_ Suffering that is consciously accepted can be very liberating. It does this by bringing us to the truth. We come to see what is really going on in our lives, and this releases us from the pack of lies we have been telling ourselves for years (and, in some cases, for decades). As Jesus says, “the truth shall set you free.” We find our truth in the midst of our suffering.
_ Suffering is also a “psychic mover” and driver of our creativity, behind our efforts to get out of pain. The worse the suffering, the more the totality of our being is marshaled to respond to it, and this sparks the creative impulse that lies inside. It is not accidental that so many of the great artists lived lives full of sturm und drang, i.e. suffering.
_ Suffering grappled with makes us aware of grace, that we are graced with support in a myriad of forms. We can come to this discovery only by living it, i.e. enduring suffering with intention and attention.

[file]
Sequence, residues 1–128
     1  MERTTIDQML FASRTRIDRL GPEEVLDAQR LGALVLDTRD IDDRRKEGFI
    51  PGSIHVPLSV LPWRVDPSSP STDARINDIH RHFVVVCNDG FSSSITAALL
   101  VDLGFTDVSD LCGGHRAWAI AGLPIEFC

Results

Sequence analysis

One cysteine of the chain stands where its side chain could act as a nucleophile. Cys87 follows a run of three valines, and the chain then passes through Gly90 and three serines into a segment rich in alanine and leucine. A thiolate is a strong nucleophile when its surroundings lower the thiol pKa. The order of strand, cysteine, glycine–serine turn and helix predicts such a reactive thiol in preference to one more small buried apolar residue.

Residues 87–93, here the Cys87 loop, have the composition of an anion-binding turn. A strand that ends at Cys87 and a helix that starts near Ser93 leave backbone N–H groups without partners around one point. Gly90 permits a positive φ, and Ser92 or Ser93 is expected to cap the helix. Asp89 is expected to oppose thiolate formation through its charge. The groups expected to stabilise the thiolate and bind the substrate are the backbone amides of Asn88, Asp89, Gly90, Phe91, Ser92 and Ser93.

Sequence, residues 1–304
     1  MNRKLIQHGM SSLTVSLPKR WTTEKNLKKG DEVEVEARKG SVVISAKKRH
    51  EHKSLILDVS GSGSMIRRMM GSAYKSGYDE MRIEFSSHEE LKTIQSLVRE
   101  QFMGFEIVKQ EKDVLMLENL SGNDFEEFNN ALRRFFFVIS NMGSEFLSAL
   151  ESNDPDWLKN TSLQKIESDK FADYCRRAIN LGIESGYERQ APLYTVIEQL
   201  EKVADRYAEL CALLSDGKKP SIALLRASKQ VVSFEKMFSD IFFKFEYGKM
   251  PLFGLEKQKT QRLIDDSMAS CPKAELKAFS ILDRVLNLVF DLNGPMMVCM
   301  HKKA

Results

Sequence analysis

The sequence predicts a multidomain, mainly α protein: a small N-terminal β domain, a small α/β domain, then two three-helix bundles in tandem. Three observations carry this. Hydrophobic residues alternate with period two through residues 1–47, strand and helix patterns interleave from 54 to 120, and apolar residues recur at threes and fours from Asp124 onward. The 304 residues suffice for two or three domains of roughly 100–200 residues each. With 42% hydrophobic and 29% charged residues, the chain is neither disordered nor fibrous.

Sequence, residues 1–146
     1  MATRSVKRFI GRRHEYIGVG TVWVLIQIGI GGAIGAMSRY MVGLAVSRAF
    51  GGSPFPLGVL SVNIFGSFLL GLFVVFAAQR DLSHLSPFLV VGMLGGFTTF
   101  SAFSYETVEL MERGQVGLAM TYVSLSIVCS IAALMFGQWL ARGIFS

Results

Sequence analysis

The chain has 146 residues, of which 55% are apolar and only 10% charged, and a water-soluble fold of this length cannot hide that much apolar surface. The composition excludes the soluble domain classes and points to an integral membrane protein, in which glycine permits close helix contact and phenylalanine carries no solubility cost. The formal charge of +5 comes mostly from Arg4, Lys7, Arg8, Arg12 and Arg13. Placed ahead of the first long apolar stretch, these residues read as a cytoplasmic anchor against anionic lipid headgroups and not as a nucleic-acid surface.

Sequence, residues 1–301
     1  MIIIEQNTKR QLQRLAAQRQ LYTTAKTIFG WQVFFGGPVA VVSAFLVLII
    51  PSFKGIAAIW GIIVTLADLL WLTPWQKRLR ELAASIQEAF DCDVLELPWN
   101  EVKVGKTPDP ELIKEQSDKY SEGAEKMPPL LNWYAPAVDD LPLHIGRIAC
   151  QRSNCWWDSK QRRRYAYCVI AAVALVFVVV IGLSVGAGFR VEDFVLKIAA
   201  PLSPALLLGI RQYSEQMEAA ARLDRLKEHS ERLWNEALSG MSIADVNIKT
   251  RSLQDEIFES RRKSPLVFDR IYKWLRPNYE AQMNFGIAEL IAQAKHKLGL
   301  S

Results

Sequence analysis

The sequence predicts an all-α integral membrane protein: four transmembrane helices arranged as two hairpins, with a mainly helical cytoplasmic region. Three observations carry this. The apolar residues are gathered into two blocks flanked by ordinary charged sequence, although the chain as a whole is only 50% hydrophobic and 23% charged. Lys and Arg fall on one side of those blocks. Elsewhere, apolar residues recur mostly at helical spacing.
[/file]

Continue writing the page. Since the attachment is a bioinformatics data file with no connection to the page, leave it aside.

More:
_ Suffering at times can link us to the Divine, or the “supraconscious forces” that transcend the human plane. The 14th century German mystic Meister Eckhart noted this, when he wrote that “… God is always with a man in suffering;…”When this occurs, we are lifted up out of our distress through an experience that leaves us feeling touched by a miracle.
_ Taking up suffering consciously can show us our true grit, or the full measure of endurance we have. Jung noted that “Suffering that is not understood is hard to bear, while on the other hand, it is often astounding to see how much a person can endure when he understands the why and wherefore.” Few people who take up their suffering intentionally find themselves overwhelmed by it.